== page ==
when i go to "Devices" and double click wlan0 and then go to "Hardware Device" tab, when i click on 'probe" , it sill shows me the MAC address of the old wireless AP.
I have found (and I can prove it, if I have to) that tinkering in the old Network Configuration utility (aka system-config-network) is not only unnecessary when NetworkManager is being used to manage connections, but it can also stop NetworkManager dead in its tracks sometimes. If you want to use NetworkManager, then I urge you to stay out of system-config-network. Also stay out of its text config files. All of that old traditional stuff is fine if you are manually establishing and managing connections. We all did it that way for a long time. But don't do that stuff with NetworkManager. I don't even open the system-config-network applet any more, much less type anything into it.

Quote:
Originally Posted by kurumi

I search the net and do some research and i manage to find some info on /etc/udev/rules.d/70-persistent-net.rules. In there i still see the old AP mac address.
Code:
# PCI device 0x8086:0x4222 (iwl3945)
SUBSYSTEM=="net", ACTION=="add", DRIVERS=="?*", ATTR{address}=="00:13:02:22:09:6f", ATTR{type}=="1", KERNEL=="wlan*", NAME="wlan0"
if i change it to new MAC address of my new AP and then reboot my system, it (i think its ananconda) creates a new wlan1 for me , with the same old AP mac address.
That's not the MAC address of your wireless router. That's the MAC address and name of the wireless adapter in your computer. And yes, it can get named wlan0 or wlan1 in certain situations. But that's not a big deal. Leave it that way and go with it. However, it is possible to change the name of your wireless card in that config file if you insist. I used to do that myself until I decided not to care what the wireless device's name is. As long as I know what it is, that is all that really matters.

I don't know if you've hopelessly botched your wireless setup or not. I hope you can get connected to something again. And if you do, you can also connect to your new router by just moving into its range, left-clicking the NetworkManager panel applet icon, selecting the network, and giving it the information it needs to connect. I do it that way all the time. You made this unnecessarily difficult.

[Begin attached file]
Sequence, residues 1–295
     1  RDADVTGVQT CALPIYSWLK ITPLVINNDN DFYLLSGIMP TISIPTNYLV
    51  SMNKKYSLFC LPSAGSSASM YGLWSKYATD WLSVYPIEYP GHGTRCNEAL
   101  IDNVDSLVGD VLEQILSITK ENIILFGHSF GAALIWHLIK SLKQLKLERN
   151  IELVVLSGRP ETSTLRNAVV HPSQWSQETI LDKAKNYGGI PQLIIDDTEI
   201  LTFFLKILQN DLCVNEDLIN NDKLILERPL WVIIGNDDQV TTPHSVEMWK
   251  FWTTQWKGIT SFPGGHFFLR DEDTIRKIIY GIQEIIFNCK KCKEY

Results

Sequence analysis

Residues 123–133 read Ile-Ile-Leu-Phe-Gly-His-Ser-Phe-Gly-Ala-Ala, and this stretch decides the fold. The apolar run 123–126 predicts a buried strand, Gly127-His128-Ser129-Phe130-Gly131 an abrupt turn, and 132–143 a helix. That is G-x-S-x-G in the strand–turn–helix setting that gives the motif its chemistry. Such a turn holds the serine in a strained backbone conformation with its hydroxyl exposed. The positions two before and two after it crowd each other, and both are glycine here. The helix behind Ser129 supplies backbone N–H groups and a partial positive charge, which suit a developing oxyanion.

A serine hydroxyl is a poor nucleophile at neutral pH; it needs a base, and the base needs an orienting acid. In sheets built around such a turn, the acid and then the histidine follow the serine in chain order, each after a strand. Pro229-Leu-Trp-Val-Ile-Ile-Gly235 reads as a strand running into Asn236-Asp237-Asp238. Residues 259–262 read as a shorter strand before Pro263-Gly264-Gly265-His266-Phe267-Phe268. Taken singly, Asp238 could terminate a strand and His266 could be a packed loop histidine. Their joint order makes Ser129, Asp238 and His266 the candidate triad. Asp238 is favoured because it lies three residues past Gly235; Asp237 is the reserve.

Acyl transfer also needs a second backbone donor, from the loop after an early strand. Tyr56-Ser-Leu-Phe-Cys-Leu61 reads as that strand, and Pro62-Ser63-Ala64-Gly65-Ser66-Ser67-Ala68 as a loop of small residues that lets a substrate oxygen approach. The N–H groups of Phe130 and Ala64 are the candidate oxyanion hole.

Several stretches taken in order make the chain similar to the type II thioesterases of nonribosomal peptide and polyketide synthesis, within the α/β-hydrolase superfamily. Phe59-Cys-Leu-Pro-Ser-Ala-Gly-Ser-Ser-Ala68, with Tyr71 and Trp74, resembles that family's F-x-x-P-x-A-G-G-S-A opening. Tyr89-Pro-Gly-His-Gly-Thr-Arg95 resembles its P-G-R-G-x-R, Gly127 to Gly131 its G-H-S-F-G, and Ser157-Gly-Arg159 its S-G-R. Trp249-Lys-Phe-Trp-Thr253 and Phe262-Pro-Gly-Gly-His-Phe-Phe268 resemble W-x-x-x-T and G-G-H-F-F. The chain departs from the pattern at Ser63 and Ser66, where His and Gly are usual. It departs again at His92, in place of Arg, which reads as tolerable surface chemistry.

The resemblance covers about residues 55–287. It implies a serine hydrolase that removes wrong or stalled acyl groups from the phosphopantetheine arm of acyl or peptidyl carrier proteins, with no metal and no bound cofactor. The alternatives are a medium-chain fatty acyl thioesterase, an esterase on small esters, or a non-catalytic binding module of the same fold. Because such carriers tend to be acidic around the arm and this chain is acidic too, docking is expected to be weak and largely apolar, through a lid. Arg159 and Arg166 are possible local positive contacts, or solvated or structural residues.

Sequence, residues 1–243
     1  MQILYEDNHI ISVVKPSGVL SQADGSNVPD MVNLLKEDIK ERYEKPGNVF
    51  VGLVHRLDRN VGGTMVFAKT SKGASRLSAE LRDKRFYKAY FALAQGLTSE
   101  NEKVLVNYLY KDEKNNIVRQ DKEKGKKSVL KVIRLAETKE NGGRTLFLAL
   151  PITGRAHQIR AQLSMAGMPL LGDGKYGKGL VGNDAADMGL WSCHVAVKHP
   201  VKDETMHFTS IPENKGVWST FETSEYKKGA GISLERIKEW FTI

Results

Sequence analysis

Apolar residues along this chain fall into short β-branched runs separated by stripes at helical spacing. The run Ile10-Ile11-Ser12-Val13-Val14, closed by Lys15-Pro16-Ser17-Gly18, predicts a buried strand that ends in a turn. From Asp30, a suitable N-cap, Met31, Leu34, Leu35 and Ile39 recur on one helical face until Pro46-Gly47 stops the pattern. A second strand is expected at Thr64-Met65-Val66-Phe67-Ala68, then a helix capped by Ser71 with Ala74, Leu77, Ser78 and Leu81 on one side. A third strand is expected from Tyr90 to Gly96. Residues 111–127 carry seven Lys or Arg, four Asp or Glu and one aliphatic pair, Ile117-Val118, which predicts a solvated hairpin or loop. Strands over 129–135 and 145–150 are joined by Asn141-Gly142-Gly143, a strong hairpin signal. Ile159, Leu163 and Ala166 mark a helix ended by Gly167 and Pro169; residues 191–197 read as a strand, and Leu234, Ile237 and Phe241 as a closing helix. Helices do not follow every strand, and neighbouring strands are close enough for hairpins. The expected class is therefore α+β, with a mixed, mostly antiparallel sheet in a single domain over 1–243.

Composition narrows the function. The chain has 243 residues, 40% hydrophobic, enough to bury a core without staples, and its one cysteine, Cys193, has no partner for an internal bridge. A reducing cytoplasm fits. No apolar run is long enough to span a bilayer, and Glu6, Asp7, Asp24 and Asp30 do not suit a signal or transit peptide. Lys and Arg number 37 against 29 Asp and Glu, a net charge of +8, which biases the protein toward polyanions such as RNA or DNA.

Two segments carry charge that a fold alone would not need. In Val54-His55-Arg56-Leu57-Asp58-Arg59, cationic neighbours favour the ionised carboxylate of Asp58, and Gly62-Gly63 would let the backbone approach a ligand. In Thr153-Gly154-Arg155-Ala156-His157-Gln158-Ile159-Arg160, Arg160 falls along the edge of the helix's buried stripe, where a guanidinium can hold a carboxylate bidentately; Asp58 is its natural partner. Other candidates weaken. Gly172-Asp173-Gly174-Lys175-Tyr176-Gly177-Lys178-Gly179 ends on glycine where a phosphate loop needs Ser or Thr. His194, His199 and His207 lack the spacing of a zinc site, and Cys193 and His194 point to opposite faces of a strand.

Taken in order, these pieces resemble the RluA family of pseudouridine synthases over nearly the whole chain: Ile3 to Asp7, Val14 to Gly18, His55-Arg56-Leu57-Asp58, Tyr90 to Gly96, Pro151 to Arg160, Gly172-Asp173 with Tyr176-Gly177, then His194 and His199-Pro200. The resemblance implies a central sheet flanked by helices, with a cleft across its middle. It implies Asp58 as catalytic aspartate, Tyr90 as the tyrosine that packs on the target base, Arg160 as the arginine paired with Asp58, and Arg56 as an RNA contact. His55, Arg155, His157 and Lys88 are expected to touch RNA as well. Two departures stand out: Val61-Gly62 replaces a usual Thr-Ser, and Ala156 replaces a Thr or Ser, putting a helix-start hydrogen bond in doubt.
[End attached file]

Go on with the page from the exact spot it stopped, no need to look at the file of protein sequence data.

P.S.: If your new wireless router is using the same SSID as the previous router, then try "Edit Connections..." by right-clicking the NetworkManager panel applet icon and then delete the existing wireless connections. Try again to connect to the new wireless router.

Last edited by stoat; 11th January 2010 at 03:50 AM.
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  #5  
Old 11th January 2010, 06:25 PM
zaitcev Offline
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linuxfedorafirefox
The only important rule about 70-persistent-net.rules (please pardone the pun) is that the listed interface name has to match the filename and NAME token in /etc/sysconfig/network-scripts/ifcfg-XXX, and HWADDR must match the MAC in the udev rule. So, you can easily rename them with a text editor.

For example, my home server is my AP and its 802.11 interface is called "wlanhome", no matter what adapter is in use.

However, just like Stoat said, if this is a client, it is not the address of the AP (unless you're confused and call your adapter "AP").

-- Pete